Project Type: Low-Income Multifamily Residential, New Construction
System Type: High-Efficiency, R-410A Split System Heat Pump
Cooling Capacity: 18,000 to 57,600 BTU/h
Heating Capacity: 18,000 to 59,000 BTU/h
SEER Rating: Up to 14 SEER
HSP Rating: Up to 9.0 HSP
Project Concept, Scope, and Funding
The Missoula Housing Authority (MHA) built the Cornerstone Apartments in 2020, an urban infill project with 12 one-bedroom homes for very-low-income people (<30% AMI) with priority given to frequent users of the City’s emergency response systems.
From the beginning, the project team intended to include all electric systems. Due to budget limitations, MHA was initially forced to remove high-efficiency air-source heat pumps from the schematic design and replace them with less-efficient electric resistance heaters, which are cheaper to install, but more expensive and energy-intensive to operate over the long-term. The desire to figure out an affordable, efficient way to move forward with all-electric systems sparked Cornerstone to become a "test project" for Climate Smart Missoula's new Footprint Fund Carbon Offset program, allowing an outside entity, in this case Clearwater Credit Union, to earn carbon offsets by providing extra funding to support the inclusion of high-efficiency heat pumps in the project.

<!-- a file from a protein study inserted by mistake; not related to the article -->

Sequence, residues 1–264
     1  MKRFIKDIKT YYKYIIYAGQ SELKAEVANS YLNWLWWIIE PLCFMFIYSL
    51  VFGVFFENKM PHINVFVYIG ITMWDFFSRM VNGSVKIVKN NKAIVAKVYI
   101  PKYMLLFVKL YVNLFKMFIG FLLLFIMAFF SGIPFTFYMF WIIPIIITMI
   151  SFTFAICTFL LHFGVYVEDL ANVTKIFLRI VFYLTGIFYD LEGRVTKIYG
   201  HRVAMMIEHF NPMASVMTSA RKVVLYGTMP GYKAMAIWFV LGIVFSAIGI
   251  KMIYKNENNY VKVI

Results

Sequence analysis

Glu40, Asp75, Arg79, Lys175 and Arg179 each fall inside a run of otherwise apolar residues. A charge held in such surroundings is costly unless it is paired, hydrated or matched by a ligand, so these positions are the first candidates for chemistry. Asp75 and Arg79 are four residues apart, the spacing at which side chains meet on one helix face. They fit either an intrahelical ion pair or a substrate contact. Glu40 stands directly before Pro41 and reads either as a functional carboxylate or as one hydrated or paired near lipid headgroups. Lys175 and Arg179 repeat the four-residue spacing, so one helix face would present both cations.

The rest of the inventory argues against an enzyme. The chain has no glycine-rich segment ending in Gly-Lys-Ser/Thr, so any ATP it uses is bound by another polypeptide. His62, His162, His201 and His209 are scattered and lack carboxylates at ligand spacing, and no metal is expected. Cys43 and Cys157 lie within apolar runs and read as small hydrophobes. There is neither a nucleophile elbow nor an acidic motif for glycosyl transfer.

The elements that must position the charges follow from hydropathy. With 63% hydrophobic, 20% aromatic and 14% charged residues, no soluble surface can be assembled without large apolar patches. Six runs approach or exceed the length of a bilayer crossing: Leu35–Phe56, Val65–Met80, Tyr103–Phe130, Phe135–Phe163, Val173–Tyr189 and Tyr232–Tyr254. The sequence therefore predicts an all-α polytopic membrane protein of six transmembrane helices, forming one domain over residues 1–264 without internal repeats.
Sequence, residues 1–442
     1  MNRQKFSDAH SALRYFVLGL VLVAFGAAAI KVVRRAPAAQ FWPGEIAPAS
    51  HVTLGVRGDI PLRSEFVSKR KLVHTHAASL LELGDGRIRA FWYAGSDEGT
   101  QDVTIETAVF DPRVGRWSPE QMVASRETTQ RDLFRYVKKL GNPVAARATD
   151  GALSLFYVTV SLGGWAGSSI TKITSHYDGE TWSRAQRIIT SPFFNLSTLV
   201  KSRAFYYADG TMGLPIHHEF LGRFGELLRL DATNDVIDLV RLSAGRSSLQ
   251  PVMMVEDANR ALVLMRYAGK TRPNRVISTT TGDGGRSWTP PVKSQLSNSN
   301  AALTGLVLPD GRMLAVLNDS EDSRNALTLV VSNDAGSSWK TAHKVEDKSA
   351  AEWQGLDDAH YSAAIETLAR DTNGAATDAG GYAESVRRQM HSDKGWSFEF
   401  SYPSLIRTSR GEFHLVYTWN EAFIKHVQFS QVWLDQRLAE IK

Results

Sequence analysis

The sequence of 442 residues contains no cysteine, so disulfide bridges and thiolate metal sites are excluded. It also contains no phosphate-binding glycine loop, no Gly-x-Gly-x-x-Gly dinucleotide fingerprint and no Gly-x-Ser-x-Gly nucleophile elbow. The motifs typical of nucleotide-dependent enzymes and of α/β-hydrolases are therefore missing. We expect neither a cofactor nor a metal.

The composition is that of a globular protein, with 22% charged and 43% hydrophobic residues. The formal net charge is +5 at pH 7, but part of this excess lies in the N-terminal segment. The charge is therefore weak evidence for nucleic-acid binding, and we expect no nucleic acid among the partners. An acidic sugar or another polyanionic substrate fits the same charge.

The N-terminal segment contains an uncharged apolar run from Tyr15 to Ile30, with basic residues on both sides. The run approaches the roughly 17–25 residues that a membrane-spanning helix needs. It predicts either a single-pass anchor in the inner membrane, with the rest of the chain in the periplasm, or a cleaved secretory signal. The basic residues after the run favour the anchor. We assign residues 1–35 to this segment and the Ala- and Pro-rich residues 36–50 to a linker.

Clearwater funded half of the cost of the heat pumps as part of their effort to offset almost two years of their emissions, at a price of ~$25/ton. The lower energy and operation and maintenance costs will save MHA ~$107,000 over the lifetime of the system! More about this offset program and how it worked are detailed HERE.
The Case for High-performing Heat Pumps
MMW Architects, the architectural firm that designed the Cornerstone Apartments, used Sefaira and the DOE Energy Plus2 engine, cross referenced with their internal database, regional averages, and the US Energy Information Administration’s CBECS database (Commercial Building Energy Consumption Survey), to estimate the energy use of the baseline system (electric resistance heat) and the more efficient system (air-source heat pumps). This model estimated the annual energy savings of 63,021 kWh/year over a 20-year lifetime, giving a total electricity savings of 1,260,420 kWh/lifetime (1,260 MWh/lifetime). MMW also estimated the additional cost of the heat pumps to be $44,000.
The Bottom Line
In the end, each apartment was built with a high-efficiency split-system heat pump that will reduce greenhouse gas emissions by nearly 900 tons over the systems lifetime. The estimated $10,000 in annual energy savings will offset the operational costs for the apartment complex for MHA.